Recruiting ‘hard to reach’ parents for health promotion research: experiences from a qualitative study | BMC Research Notes | Full Text
Net Promoter Score Considered Harmful (and What UX Professionals Can Do About It) | by Jared M. Spool | Noteworthy - The Journal Blog
5 Facilitation Mistakes to Avoid During User Interviews
(20+) Thammasat University Research Division กองบริหารการวิจัย มธ. | Facebook
(1) Julie Zhuo on Twitter: “Is there a term for someone who geeks out on how to get to know someone better? Because I'm definitely in that club. So of course I looooove thinking about interview questions. Thread of my favorite questions to ask folks to un
METAPHORICALLY SPEAKING A Linguist's Perspective on the Power of Unorthodox Questions to Uncover Unique Patient Insights
จริยธรรมการวิจัยในมนุษย์-Ver1 – KRIS
Likert Scale Examples for Surveys
Resources on doing a literature review
PRISMA-S: an extension to the PRISMA Statement for Reporting Literature Searches in Systematic Reviews | Systematic Reviews | Full Text
PRISMA 2020 explanation and elaboration: updated guidance and exemplars for reporting systematic reviews
How to Handle Dominating Participants in UX Workshops: 3 Tactics
A Beginner's Guide to Getting Started in UX Research
excellent collection of how-to content
Participatory Research India
A comprehensive list of UX design methods & deliverables | by Fabricio Teixeira | Jan, 2021 | UX Collective
The most common tool, methods, processes, and deliverables that designers use throughout the digital product design process.
Testing Content with Users
Ethnio Incentive Calculator
Full article: Meaningful change definitions: sample size planning for experimental intervention research
Digital Sex and/or gender - working together to get the question right - Digital
We Analyzed 2,810 Profiles to Calculate Facebook Engagement Rate
Same Stats, Different Graphs - the Datasaurus Dozen
Asian Studies Institute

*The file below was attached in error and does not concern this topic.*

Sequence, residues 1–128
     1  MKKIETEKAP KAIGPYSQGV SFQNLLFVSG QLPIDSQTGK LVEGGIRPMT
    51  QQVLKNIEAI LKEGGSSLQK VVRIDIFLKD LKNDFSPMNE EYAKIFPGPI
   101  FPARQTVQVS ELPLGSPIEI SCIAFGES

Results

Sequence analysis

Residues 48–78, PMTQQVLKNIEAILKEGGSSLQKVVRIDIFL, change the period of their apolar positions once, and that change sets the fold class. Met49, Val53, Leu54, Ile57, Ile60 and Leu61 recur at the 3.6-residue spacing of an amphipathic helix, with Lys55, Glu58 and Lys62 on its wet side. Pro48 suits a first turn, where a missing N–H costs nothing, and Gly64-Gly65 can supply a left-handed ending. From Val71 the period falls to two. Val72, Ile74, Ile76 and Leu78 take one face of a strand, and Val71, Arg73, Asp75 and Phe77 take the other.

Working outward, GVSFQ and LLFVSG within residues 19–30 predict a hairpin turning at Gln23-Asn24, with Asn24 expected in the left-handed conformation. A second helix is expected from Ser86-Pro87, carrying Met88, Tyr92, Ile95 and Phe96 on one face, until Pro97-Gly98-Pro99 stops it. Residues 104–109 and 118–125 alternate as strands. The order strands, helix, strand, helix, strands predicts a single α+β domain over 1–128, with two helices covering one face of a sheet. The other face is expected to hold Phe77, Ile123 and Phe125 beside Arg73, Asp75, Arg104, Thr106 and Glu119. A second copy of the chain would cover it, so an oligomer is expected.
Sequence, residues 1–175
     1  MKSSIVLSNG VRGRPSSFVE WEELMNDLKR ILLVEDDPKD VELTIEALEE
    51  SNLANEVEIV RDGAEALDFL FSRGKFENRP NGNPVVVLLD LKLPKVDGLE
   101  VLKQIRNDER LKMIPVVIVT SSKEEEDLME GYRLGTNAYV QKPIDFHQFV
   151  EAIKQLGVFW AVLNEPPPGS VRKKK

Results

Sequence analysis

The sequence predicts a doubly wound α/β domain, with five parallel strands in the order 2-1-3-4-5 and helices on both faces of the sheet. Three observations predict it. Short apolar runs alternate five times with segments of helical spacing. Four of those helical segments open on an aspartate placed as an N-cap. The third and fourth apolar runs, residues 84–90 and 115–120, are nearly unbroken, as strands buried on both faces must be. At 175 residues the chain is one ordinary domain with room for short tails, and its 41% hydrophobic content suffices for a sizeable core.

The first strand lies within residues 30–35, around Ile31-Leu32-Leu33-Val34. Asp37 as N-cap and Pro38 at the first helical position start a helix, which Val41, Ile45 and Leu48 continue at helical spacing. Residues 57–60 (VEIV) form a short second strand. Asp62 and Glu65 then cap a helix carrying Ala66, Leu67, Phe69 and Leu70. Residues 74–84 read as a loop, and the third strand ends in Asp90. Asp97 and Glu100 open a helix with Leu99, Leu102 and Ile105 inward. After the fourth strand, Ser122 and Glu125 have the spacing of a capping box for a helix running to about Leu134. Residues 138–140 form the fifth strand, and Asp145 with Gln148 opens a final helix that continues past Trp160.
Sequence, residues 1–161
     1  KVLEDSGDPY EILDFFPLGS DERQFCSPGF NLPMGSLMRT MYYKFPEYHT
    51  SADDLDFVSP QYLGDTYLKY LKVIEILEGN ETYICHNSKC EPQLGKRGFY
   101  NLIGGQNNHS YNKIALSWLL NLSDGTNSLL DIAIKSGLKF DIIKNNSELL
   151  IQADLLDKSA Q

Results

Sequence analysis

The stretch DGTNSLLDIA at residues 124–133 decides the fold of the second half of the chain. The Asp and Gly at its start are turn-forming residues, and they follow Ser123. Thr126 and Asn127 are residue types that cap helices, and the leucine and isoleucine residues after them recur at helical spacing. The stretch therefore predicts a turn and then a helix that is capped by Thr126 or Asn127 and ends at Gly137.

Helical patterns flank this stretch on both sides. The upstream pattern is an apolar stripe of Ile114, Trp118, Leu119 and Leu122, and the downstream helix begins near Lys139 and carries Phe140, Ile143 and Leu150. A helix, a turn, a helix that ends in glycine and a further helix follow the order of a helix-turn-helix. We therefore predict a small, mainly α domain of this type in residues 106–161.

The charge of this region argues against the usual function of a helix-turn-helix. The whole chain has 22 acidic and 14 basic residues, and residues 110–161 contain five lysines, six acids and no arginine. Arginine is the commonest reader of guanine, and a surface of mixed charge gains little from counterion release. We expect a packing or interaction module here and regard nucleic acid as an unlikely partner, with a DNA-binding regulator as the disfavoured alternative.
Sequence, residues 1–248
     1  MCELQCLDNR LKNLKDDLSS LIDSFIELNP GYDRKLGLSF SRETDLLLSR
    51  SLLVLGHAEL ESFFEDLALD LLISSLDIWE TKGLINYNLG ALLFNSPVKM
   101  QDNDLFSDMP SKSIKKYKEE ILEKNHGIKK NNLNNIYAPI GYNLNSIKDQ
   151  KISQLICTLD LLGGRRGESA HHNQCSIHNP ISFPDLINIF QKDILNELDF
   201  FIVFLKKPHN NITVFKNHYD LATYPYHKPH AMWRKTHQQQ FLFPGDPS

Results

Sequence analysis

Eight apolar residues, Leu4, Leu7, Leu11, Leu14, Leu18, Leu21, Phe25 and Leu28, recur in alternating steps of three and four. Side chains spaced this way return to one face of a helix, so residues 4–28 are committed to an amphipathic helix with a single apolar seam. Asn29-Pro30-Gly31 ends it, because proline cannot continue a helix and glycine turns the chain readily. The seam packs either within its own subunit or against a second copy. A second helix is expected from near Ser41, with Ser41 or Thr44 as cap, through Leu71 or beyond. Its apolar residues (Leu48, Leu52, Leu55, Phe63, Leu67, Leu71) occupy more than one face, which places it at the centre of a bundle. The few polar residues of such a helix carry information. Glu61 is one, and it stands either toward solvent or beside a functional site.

Conducting Successful Virtual Focus Groups - Child Trends
Just-in-Time Adaptive Interventions and Adaptive Interventions – The Methodology Center
Recruiting Backup Participants (aka “Floaters”) in User Research
DOING FIELDWORK IN A PANDEMIC - Google Docs
Catching Problem Participants in Remote Unmoderated Studies
CRAP Test - Learn about Evaluating Sources - LibGuides at Colorado Community Colleges Online
Language data - Translators without Borders
Language data There is little information available on the languages crisis-affected people speak and understand. Humanitarians often develop communication strategies without reliable data on literacy, languages spoken, or preferred means of communication. The result too often is that crisis-affected people struggle to communicate with humanitarian organizations in a language they understand. Women, children, older people, and people with disabilities are often at the greatest disadvantage because they are less likely to understand international languages and lingua francas. TWB’s Language Data Initiative addresses those issues and provides important resources for humanitarians. It supports humanitarian organizations to develop language-informed programs and communication strategies. Click on a country on the map below to see language data, resources, and maps that we have available for that country. This map will update as new data is published in the future.